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Unformatted text preview: • The Basic Idea More Precisely: • First Order Evil – physical pain or disease • First Order Good – pleasure, happiness • FOE – pain, suffering • FOG – pleasure, happiness • Second Order Good – virtues or qualities that elevate First Order Evil • Second Order Good – virtue, benevolence • SOG > FOG • The Second Order Good can only exist if First Order Good exists. • The Second Order Good > First Order Good or Evil • God’s Goodness – maximizing Second Order Good (a third order good as it were) • Criticism: • If the world was perfect the virtues would be useless. So their value is ultimately only instrumental. • God is not concerned with minimizing pain and suffering • There are also second order evils: malevolence, cruelty, cowardice, selfishness, that increase first order good and decrease second order good. • So why is God not decreasing second order evil? We are back where we began. Evil is due to human free will • The Basic Idea: it is better on the whole that men should act freely and err than they should be innocent automata, acting rightly in a wholly determined way. • Freedom – a third order good. • Freedom > Second Order Good if those produced without it • Second Order Evils – necessary consequences of freedom • Free will supposedly valuable • Without free will – second order good – virtue, benevolence • Criticism: • Could God not have made men so that they freely choose the right things? • If God made us what we are, did he not determine what we choose? So either he determined that we choose wrongly, or our choices are random as they are not grounded in what we are. • Randomness seems hardly more valuable than the second order Good. • Criticism: • Can an omnipotent God create men with free will? • That is what does “free” mean? Are we really free if God can control us? • If NO – then how come he created something he cannot control if he is omnipotent. • If YES – then how come he does not interfere with out evil (as we ourselves try to). Pages 109 – 118 What is the Argument from Evil? • (1) If God were to exist, then that being would be all-powerful, all-knowing, and all-good. (2) If an all-PKG being existed, then there would be no evil. (3) There is evil.------------------------------- Hence, there is no God. • Deductively valid argument • If God is all-PKG, he has both the inclination and the ability to prevent evil from occurring • Conclusion: Two categories for evils: (1) evils that are brought into existence by human actions (2) evils that exist because of natural events that aren’t under human control What are possible reactions to the argument? • View that there is no difference between right and wrong • Assumption that premise 3 is correct is shared by many religious traditions • Reject premise 1 by interpreting the existence of evil as showing merely that if there is a God, then God isn’t all-PKG • Theodicy – try to explain why all-PKG God would allow evil to exist • Contemporary philosophers of religion use the term “defense” to describe second type of reply to Argument from Evil • Premise 2 makes an extreme claim...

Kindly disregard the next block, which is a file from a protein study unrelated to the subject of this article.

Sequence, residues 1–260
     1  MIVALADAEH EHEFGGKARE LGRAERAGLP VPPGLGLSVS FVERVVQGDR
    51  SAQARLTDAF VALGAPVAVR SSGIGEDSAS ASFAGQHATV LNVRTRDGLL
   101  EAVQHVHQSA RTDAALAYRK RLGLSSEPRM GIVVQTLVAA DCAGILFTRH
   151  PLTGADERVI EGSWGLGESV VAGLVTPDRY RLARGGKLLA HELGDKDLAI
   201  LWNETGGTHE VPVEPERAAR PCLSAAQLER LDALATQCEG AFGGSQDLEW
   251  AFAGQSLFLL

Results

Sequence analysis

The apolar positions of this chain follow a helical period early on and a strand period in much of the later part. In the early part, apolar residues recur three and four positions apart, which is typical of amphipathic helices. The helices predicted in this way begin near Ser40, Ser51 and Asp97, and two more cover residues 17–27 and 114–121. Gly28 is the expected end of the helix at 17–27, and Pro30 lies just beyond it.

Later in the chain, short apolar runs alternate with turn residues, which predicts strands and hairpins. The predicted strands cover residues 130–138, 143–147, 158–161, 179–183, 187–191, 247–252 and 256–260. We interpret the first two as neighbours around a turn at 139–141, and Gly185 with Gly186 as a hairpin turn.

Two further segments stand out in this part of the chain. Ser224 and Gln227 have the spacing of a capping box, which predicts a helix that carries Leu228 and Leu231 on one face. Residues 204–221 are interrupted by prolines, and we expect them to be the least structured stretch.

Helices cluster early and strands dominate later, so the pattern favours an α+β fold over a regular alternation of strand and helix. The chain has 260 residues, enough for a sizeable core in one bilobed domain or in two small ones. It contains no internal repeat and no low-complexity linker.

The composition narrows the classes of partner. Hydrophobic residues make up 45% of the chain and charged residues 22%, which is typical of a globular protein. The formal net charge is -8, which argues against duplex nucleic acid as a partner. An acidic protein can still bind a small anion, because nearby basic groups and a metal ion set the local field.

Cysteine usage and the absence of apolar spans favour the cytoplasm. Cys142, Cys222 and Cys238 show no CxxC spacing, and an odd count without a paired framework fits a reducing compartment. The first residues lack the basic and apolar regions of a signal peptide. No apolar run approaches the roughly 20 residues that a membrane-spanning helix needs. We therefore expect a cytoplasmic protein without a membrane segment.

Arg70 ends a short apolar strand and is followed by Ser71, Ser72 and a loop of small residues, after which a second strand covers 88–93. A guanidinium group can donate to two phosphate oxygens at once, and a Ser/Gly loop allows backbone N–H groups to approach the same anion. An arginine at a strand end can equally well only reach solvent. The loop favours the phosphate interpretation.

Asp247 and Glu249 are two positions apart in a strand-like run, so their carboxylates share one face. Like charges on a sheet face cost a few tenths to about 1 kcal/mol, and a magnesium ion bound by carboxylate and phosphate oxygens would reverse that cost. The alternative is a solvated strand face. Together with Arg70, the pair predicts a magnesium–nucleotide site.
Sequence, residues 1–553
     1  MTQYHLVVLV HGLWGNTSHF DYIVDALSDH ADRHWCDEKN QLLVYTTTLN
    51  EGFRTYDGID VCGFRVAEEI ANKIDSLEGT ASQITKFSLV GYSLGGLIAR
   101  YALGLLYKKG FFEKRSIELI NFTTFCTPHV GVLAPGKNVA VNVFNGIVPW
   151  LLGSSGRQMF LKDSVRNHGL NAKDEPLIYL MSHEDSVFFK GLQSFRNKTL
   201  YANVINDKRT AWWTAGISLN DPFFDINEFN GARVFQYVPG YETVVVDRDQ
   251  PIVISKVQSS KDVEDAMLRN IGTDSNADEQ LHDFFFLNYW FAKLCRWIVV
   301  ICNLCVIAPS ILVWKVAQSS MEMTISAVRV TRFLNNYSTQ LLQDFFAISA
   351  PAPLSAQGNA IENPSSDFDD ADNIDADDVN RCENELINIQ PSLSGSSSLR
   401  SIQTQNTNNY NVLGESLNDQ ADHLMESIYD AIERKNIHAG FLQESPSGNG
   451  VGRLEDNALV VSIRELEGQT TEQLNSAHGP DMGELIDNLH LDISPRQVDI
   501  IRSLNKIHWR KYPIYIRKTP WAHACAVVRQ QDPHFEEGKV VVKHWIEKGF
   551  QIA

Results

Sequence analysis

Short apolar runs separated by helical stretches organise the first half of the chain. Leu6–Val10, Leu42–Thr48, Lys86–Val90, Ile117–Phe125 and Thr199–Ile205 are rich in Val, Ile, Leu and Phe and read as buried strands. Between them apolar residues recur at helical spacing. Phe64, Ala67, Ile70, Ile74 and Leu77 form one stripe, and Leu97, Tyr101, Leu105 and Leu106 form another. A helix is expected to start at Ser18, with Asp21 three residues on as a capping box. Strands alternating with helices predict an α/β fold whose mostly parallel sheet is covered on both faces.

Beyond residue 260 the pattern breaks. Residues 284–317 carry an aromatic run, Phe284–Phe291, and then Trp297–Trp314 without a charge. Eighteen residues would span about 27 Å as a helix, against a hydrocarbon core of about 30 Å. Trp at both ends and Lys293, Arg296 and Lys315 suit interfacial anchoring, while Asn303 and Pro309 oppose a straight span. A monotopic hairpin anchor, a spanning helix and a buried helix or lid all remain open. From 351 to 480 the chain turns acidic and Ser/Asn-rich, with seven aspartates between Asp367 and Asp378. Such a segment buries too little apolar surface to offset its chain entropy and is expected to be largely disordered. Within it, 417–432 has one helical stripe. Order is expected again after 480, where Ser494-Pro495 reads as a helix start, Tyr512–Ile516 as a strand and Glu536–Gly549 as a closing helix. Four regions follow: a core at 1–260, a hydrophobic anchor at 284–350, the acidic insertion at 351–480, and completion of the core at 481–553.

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- Fall '08
- Problem of evil, deterministic system